Managing large commercial buildings has always been complex. But the need to comply with various government and industry sustainability standards adds an additional layer of complexity. Investors, fund managers, building owners, facilities managers and tenants all have a vested interest in ensuring compliance is achieved and maintained.
The challenge is that there’s no single set of standards that fulfils the needs of all stakeholders. Over the years, three key standards have emerged: NABERS, GRESB and Green Star. Although there are some common elements across all three, they each offer insights from a slightly different perspective.
What is NABERS?
NABERS (National Australian Built Environment Rating System) measures the energy efficiency, water usage, waste management and indoor environment quality of a building or tenancy and its impact on the environment. The rating is represented with a ‘star’ ranging from one to six for building efficiency across each of these areas, from ‘Making a start’ to ‘Market leading’.
NABERS enables building owners to understand their building’s performance compared to similar buildings. It is a national government program that is administered by the NSW Department of Planning, Industry and Environment. The ratings are valid for a year to give interested parties assurance that the rating is current and that the building owner or manager is working to maintain or improve standards.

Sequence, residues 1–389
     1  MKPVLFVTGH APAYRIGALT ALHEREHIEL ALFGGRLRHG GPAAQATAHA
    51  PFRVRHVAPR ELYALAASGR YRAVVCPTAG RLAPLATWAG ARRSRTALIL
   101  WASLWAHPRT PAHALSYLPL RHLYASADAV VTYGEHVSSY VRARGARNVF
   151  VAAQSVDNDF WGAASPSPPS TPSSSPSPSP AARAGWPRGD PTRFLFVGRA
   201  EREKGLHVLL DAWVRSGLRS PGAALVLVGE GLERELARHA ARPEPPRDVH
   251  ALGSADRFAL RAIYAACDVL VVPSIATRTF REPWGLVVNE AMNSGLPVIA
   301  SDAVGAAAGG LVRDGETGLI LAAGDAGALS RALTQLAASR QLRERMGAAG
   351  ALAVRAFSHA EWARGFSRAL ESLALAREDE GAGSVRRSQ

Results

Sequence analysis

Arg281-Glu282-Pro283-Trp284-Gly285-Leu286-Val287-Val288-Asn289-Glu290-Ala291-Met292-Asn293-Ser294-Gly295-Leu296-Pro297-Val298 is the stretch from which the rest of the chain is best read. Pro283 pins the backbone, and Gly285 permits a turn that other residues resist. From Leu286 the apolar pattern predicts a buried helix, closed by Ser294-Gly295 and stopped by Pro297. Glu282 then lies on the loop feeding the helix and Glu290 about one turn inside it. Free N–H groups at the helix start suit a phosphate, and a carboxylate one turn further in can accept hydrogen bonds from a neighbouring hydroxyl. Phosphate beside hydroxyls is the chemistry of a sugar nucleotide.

NABERS has also partnered with Climate Active to provide a Carbon Neutral certification, as many buildings are now looking beyond NABERS Energy to full carbon neutrality.
You can find out more about NABERS in our blog “Everything you ever wanted to know about NABERS ratings”
What is GRESB?
GRESB (Global Real Estate Sustainability Benchmark) provides assessments and benchmarks that can be used by businesses to compare their performance against their peers and find actionable advice on how they can improve their ESG (Environment, Social and Governance) performance.
The assessments tell building owners and their investors and other stakeholders how well they are performing across a variety of metrics. GRESB has also expanded its scope from the built environment to include roads, railways, electricity distribution and communication systems.
GRESB’s Real Estate Assessment evaluates management by looking at leadership, strategy, policies, risk management and stakeholder engagement. It measures ESG performance at the asset level and development activities such as design, construction and renovation of buildings and how ESG is addressed through these activities.
Assessments are conducted through surveys and the data is validated and used to create industry benchmarks that individual companies can compare themselves against. ESG is evaluated across three domains:
- Management: This set of measures looks at leadership, strategy, policies, risk management and stakeholder engagement